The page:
Amini’s death has fuelled further anger and extreme protest, with widespread condemnation from Iranians, denouncing her death and the regime that caused it.

“There were 10-11 blows to her head… She was beaten while still in the van…When her body was delivered to the family they saw bruises to her neck and head.”

Mariam Memarsadeghi
Cyrus Forum and Senior Fellow at Macdonald-Laurier Institute

The incident has brought attention to the plight of many Iranians who feel they are living under an oppressive regime.

While it is difficult to predict what will happen next in Iran, many hope the death of Amani will not be in vain.

Many pray the protests will lead to real action and a country where women are treated as equals. They want a country where there is opportunity for all.

Women in Iran and around the world are now lifting the veil on Iran’s corruption and human rights violations.

In 2022, many are angry that men are controlling what women do with their bodies and what they wear.

However, the Founder and Director of Cyrus Forum and Senior Fellow at Macdonald-Laurier Institute Mariam Memarsadeghi explained its women who are enforcing the strict rules too.

“It’s actually women also who are policing other women to wear hijab… It’s a very Handmaids Tale situation.”

Mariam Memarsadeghi
Cyrus Forum and Senior Fellow at Macdonald-Laurier Institute

Will this drive change?

In Iran, many young Iranians are showing the world they don’t want this system any more, that they want democracy.

They’re cutting their hair and burning their hijabs, they’re putting their own safety on the line to take a stand against the regime that has silenced them for so long.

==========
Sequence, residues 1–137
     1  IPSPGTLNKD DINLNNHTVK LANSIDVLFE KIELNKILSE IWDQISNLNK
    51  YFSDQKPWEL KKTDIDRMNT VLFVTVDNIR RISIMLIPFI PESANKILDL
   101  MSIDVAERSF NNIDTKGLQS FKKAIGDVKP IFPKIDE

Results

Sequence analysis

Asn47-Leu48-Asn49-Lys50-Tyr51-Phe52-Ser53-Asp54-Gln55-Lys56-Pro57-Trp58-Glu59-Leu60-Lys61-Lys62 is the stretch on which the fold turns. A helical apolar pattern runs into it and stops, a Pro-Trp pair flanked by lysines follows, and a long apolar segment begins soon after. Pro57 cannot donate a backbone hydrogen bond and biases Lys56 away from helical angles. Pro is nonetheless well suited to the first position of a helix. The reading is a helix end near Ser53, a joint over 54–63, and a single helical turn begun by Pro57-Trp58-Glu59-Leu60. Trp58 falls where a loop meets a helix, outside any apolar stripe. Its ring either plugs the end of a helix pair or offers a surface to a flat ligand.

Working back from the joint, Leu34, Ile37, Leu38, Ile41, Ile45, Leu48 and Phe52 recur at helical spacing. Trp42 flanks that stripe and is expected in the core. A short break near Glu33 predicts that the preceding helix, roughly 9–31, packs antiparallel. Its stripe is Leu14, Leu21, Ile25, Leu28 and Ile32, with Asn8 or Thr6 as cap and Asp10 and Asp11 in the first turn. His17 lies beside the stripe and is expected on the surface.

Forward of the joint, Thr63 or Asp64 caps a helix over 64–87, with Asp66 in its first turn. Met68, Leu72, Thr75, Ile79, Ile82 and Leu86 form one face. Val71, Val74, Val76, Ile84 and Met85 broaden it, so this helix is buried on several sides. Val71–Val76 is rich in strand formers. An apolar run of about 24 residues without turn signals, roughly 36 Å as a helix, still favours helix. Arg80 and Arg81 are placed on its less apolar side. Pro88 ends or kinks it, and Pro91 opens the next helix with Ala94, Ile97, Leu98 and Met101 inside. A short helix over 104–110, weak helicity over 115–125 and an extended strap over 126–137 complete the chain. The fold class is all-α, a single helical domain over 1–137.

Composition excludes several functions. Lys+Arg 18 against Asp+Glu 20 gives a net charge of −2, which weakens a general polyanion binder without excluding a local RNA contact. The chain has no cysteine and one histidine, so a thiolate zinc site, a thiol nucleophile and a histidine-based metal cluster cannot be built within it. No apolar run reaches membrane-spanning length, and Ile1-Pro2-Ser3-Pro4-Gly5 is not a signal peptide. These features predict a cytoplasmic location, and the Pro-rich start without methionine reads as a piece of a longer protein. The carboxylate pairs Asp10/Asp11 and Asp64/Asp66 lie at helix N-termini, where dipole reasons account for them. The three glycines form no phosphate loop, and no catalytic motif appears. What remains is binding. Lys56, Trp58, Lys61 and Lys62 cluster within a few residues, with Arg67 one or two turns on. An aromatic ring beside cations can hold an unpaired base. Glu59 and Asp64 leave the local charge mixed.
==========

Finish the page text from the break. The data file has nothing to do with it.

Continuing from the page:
This generation is very different, but it doesn’t guarantee that this uprising will fuel any real change.

However, Memarsadeghi said “there is no way back from here.”

“It’s very dangerous, there is a tremendous amount of respect for the men and women on the streets because each and every single one of them risks being beaten, killed, tortured, maybe even executed.”

Mariam Memarsadeghi
Cyrus Forum and Senior Fellow at Macdonald-Laurier Institute

How can organisations and world leaders help?

Iran is in the midst of a political upheaval and the world is watching.

Scenes of protest and violence are being shared far and wide on social media. The world has a front-row seat to the unfolding crisis.

However, the Iranian Government has responded by imposing a sweeping internet ban, cutting off the protesters from the outside world.

This only adds to the urgency of the situation, as Iran’s people are now risking their lives to speak out against their oppression.

World leaders and democracy advocacy groups are already discussing ways to help the people of Iran and hold their violations to account.

“The solidarity and attention from celebrities, athletes and world leaders has been extremely helpful… The future of freedom is what these men and women in Iran are doing.”

Mariam Memarsadeghi
Cyrus Forum and Senior Fellow at Macdonald-Laurier Institute